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Can Justice Make a Comeback as an Online-Only Brand?

Justice has launched a revamped under its new ownership as the brand aims to reposition itself as the premier tween girls’ specialty retailer.

This initial release will feature an assortment of apparel and accessory products that Justice wants to scale up in time for the back-to-school season. In a letter on the revived website, Justice said that the e-commerce experience has an array of new fashion and lifestyle products for tween girls including button-up tops, tanks, leggings, cardigans and pajama sets.

But the company is also going back to its roots, it said, with the relaunch of its classic “trend-proof” Justice Denim line of jeans, jeggings and shorts. The retailer also is bringing back its popular Collection X by Justice line, which was designed to combine style and comfort via deluxe fabrics. The Justice size range spans 5/6 (XS) to 20 plus (XXL), although ranges may differ in certain categories. In denim, in addition to regular and plus, slim sizes are offered.

The retailer said that it receiving inventory “more slowly than normal” due to worldwide supply chain slowdowns and Covid-19.

Justice also will be relaunching its loyalty program, Club Justice, at a later date. Those that shopped on the former will still need to create a new account even if they already had an older one before the relaunch.

“We are very excited to bring the Justice brand and products back to our customers,” said Brad Hollo, senior vice president of marketing and e-commerce at Justice. “We have a strong connection to our customer and have been working hard over the past months to bring both mom and girl the assortment, quality and experience they expect and are looking for from Justice. With our new website, we have made shopping for her favorite styles and products even easier.”

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Within the letter, the brand encouraged shoppers to stay connected on Instagram and Facebook, so they can be the first to know about Justice’s upcoming spring drops and its back-to-school collection. The company hinted at more new items in these upcoming drops, including the new J Sport athleisure line, mix-and-match coordinates and sustainable clothing offerings.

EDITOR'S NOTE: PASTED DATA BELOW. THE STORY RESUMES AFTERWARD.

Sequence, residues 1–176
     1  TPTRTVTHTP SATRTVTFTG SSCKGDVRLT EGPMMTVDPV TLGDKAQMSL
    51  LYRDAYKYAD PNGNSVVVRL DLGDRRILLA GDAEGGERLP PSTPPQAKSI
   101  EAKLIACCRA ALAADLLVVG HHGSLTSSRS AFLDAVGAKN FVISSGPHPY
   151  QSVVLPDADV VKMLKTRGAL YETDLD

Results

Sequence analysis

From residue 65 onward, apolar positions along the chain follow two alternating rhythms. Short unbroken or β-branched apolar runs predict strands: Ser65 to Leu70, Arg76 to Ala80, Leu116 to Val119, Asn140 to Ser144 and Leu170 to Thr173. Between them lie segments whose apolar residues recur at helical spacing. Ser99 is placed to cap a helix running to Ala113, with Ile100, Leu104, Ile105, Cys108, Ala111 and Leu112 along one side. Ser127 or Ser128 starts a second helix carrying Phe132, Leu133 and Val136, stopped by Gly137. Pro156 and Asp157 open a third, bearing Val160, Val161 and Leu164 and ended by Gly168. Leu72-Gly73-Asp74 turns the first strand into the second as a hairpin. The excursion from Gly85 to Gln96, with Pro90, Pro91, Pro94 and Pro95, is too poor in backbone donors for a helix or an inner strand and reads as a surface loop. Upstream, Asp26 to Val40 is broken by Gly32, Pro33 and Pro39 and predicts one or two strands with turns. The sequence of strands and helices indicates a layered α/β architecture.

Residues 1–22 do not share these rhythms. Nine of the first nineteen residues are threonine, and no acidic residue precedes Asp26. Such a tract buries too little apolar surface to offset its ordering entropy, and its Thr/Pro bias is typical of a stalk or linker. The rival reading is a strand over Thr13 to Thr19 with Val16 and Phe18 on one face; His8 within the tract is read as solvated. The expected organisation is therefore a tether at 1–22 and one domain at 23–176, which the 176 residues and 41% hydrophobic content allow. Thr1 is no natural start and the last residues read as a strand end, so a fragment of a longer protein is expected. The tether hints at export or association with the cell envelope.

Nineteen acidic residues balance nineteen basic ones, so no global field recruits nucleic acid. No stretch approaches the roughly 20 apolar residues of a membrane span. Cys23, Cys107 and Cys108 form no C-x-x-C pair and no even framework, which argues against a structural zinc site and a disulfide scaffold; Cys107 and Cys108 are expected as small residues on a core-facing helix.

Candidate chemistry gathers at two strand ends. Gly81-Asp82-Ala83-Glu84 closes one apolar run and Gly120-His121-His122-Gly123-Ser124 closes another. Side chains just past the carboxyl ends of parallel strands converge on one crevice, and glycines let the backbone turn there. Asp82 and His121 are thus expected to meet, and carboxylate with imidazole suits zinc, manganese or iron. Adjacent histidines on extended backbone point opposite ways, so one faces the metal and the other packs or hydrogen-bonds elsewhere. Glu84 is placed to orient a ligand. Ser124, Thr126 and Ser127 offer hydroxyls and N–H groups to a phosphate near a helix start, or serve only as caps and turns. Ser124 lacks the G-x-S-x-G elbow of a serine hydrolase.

The former operated under a liquidation sale until Jan. 15 before adding a “Stay Tuned” message in anticipation of the new experience. All outstanding gift cards and merchandise credits needed to be redeemed by Jan. 15, online or in-store, while the Justice sale and closeout event was ongoing. After that date, gift cards and merchandise credits were no longer redeemable at or anywhere Justice merchandise is sold.

Justice has since relaunched online gift cards, which range in amounts from $10 to $150.

Bluestar Alliance, the private equity firm that owns, licenses and markets a portfolio of consumer brands including Hurley, Bebe, Tahari, Kensie and Limited Too among others, acquired Justice’s assets in a November bankruptcy auction after winning with a more than $90 million bid. Justice was put on sale after then-parent and Ann Taylor/Loft owner Ascena Retail Group filed for bankruptcy in July.

The company officially operates as Justice Brand Holdings LLC. For now, Justice will remain an e-commerce brand, since Bluestar didn’t acquire any of the company’s remaining real estate properties, which shut down after the holiday season.

The website says that free shipping is valid on all offers with no coupon required through April 27, 4:59 a.m. Eastern Time, but there are no added details listed on whether this will be extended past the first day of operation. Justice does not offer free returns. If a shopper initiates a return online and chooses to download and print the label, a $7 fee will be credited against the refund once the return is processed.

Justice currently does not ship outside the U.S. and its territories, but is planning to expand to international shipping in the future.

“Our goal is to create the best shopping experience with the best products for the tween girl, while also expanding Justice’s reach and footprint,” said Ralph Gindi, co-founder of Bluestar Alliance. “ is our opportunity to speak directly to our consumer and is an important channel to easily reach our dedicated customer, and mom, where she is already shopping, while providing the latest on trend products across a wide variety of categories.”

When Bluestar first won the bid, co-founding CEO Joseph Gabbay described Justice as “an important asset with years of growth ahead,” indicating that he and Gindi saw “opportunity for global brand extensions and partnerships.”

Gindi highlighted “categories and distribution” as growth opportunities for Justice, so it is safe to say that there will be more product and logistics investments in the pipeline for the tween brand now that it’s e-commerce site is in place.